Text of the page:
Wednesday, December 15, 2010

Laura St. Pierre, Urban Vernaculars, AGA until February 13, 2011*

In Laura St Pierre's Urban Vernacular, large-scale photo landscapes fill each given wall of the AGA's RBC New Works Gallery. As ever-so slightly digitally manipulated stretches of urban landscapes, they are the end results of guerilla art tactics in and around the town of Grande Prairie, where St Pierre has been living and teaching for the past several years. In one image from the series, the mounds of silty snow gathered at the edge of a mega parking lot are undeniably familiar to any resident of an urbanized winter city. In looking closer, nestled within the mounds are temporary shelters made out of garbage, and even these are not so unfamiliar sights.

Image credit: Laura St. Pierre

The mounds of snow recall a direct first-hand experience of suburbia, especially to those who have become accustomed to navigating our cities from the point of view of automobiles or attempted the impossible walks through sidewalkless streets and mounds of dirt and snow. In short, the photographs elicit an intimate experience of urban landscape, but a particular type of urban landscape that has not yet lived up to its own expectations.

St Pierre's latest series is photo-based, but it is photo-based documentation of an action, one that is both immortalized and trapped in its own preservation. As an artist who has been known to create sculptural installations that take over galleries, St Pierre shifts into presenting only the photographs of her installations, and while the installations are site-specific and not transportable, I wonder if the medium of photography is enough to translate the initial concept.

Image credit: Laura St. Pierre
In "5.10," the most striking image of the series, the open facade of an isolated building sits like a proverbial Narcissus, sitting before its own reflection with pride and glory. Congregated street lights appear off in the distance signaling civilization. Above, the prairie sky is vast and open, and the upturned and exposed earth suggest both development and death. The possibilities are open for interpretation, and intervention, and yet, the photographs elevate these gritty and ephemeral installations into something that is enchanted and permanent. The immortality of the photographs are seemingly in opposition to the inspiration of their subject matters.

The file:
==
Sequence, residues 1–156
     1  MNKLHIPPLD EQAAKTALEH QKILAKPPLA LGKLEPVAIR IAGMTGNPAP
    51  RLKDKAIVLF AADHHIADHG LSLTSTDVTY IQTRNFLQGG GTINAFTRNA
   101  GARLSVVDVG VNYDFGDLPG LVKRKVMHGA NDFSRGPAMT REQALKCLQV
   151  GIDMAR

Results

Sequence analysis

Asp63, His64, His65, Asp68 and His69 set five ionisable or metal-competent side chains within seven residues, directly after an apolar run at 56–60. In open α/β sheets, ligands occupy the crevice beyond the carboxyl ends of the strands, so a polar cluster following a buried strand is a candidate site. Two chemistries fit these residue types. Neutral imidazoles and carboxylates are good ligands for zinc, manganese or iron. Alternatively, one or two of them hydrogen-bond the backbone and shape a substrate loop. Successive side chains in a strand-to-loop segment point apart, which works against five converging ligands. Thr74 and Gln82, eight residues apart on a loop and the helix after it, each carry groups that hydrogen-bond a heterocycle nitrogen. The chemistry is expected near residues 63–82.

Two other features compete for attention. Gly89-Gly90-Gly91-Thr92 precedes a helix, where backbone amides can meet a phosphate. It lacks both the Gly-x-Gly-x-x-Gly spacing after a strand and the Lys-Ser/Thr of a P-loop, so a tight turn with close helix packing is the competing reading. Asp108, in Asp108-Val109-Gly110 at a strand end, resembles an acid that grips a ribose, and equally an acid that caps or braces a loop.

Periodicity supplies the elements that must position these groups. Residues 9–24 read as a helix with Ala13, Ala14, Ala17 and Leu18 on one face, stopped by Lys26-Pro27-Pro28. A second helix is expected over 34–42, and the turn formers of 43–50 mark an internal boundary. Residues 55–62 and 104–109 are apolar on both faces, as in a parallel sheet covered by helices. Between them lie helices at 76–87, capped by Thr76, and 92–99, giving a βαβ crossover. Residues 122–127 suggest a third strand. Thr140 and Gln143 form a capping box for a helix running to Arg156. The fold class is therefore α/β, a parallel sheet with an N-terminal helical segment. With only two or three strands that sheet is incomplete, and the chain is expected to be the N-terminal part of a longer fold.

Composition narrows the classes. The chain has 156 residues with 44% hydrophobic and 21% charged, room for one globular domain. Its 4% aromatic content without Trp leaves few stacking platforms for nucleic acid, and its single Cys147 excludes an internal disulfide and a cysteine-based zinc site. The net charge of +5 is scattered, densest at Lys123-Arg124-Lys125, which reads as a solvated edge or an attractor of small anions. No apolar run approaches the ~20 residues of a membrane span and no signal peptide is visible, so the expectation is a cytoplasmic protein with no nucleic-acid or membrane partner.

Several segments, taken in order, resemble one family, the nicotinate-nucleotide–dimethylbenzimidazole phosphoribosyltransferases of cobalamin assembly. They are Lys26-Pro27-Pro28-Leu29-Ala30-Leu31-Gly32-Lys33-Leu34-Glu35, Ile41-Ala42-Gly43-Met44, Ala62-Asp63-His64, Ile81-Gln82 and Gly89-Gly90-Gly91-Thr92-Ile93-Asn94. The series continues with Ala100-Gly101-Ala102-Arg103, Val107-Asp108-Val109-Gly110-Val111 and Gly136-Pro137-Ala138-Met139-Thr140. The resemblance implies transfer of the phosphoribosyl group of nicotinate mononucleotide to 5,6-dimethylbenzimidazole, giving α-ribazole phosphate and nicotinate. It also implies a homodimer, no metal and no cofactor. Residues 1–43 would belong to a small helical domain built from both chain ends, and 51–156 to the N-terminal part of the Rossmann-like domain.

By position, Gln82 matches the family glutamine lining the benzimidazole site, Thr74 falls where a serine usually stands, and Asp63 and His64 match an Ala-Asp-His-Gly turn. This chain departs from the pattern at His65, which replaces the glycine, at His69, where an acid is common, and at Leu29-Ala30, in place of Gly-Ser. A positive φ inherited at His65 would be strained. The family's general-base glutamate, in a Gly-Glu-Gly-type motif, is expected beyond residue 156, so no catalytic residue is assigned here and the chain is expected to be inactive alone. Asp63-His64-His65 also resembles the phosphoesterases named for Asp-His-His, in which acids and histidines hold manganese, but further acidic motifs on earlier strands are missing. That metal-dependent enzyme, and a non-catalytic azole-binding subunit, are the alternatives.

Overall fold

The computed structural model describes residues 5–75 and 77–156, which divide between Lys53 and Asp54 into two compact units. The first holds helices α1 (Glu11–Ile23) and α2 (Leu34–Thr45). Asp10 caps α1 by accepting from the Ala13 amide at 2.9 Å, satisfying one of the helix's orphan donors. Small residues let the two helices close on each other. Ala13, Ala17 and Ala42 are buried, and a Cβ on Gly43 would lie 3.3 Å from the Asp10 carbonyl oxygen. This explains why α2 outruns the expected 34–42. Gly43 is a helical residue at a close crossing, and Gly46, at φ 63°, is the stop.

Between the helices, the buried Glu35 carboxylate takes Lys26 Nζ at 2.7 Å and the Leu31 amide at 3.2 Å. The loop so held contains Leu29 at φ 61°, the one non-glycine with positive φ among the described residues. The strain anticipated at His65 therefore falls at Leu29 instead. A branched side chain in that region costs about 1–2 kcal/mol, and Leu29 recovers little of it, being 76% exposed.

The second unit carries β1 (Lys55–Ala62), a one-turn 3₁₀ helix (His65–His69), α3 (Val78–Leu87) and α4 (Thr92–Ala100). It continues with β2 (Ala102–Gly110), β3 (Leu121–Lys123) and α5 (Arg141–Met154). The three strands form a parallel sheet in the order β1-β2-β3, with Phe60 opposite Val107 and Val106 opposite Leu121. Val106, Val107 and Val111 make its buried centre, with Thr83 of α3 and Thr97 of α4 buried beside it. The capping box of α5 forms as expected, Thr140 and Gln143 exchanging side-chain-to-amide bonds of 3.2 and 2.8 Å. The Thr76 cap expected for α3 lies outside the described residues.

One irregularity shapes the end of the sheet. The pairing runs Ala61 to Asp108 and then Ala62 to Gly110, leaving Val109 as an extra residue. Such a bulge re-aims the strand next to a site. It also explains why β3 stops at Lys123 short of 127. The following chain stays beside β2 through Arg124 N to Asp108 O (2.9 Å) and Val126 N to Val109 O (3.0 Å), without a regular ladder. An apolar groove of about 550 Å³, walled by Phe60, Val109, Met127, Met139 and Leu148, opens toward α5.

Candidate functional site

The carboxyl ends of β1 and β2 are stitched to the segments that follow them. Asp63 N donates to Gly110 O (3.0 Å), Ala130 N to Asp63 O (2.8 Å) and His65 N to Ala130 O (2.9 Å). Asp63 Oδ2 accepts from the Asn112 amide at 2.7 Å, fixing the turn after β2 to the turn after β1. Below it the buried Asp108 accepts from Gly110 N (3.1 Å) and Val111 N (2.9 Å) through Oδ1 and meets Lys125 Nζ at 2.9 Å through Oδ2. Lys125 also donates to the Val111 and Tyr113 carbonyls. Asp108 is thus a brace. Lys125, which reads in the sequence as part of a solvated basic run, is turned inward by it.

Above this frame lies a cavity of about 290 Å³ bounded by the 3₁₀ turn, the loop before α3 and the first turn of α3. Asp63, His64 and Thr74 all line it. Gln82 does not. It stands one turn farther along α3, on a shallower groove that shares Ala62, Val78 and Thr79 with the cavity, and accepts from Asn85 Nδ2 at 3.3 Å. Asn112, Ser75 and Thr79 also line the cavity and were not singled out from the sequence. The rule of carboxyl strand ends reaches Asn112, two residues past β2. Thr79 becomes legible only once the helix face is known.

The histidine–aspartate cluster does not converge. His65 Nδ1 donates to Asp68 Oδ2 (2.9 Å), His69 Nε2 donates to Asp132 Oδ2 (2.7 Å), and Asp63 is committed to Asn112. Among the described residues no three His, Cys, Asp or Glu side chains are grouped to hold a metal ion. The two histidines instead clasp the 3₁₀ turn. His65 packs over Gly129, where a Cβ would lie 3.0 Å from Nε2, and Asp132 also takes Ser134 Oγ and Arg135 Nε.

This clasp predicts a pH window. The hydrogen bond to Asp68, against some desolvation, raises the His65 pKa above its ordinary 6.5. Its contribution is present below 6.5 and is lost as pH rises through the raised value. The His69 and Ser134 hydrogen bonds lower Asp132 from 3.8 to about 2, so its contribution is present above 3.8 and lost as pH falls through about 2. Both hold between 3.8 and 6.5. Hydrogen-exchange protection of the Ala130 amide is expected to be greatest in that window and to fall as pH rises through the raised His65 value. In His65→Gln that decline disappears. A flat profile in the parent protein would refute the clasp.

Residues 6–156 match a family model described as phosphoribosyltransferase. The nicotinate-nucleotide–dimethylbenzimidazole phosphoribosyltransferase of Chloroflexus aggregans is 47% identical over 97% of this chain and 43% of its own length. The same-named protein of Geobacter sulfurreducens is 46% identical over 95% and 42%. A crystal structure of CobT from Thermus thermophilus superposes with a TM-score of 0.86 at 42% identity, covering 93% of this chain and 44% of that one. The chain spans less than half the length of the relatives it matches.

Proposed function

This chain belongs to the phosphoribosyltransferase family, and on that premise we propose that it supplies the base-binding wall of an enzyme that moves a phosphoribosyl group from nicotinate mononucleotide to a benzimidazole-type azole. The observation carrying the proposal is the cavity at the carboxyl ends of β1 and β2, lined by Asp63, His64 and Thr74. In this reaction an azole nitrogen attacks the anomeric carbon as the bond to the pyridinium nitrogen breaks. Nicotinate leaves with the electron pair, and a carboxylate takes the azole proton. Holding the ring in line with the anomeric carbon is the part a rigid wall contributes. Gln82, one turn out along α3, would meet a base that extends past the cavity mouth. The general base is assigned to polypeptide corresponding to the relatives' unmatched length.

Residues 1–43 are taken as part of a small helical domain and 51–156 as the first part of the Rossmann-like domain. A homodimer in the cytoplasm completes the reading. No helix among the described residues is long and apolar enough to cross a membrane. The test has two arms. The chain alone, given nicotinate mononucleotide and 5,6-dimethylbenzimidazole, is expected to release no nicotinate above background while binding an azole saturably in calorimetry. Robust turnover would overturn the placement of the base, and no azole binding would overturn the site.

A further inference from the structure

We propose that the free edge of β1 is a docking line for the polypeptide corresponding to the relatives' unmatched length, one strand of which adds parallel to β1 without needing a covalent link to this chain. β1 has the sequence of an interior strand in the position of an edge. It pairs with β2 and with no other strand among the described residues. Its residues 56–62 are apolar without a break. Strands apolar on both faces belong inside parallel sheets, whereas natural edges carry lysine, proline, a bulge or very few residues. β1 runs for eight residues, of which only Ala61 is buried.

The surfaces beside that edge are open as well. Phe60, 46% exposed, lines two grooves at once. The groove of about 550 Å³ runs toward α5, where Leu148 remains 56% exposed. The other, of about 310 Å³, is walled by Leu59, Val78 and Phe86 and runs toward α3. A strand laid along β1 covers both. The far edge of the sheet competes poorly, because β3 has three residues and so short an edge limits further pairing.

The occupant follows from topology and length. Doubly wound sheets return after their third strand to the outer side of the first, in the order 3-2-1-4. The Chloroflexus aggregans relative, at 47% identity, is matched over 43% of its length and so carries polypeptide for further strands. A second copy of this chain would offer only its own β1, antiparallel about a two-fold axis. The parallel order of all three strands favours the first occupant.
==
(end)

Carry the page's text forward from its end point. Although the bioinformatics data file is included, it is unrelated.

Last seen in Edmonton with her Autopark installation on Churchill Square as part of The Works Festival, St Pierre converted a handful of beat-up old cars into self-sustaining green houses. The presence of the cars, the smell of condensation and dirt, those factors played into the overall work.
Conducting a series of interventions, St Pierre sought out locations that potentially relay a survivalist instinct, seeking locations that could be transformed into temporary shelters. From abandoned school portables to the back of an appliance store, St Pierre built makeshift shelters using disposable materials like styrofoam and plastic packaging. Lighting them simply from the interior, and giving them a semblance of being inhabited, they were photographed in the twilight hours, further adding a cinematic quality to the implied narrative.

The photographs themselves are desirable objects, pristine panoramas of controlled chaos that push viewers past the point of reality. Like her series of landscape interventions and subsequent photographs along the St Lawrence River during a 2007 residency in Quebec, the photography of Urban Vernacular are captivating photographs.

However, photographs are not the installations, even though that is how most of us will ever get a glimpse of ephemeral art. Photographing works in order to share and archive them, that strategy has proliferated, and the issue remains debatable as to what is preserved in photography and what is lost.

*First published in Vue Weekly

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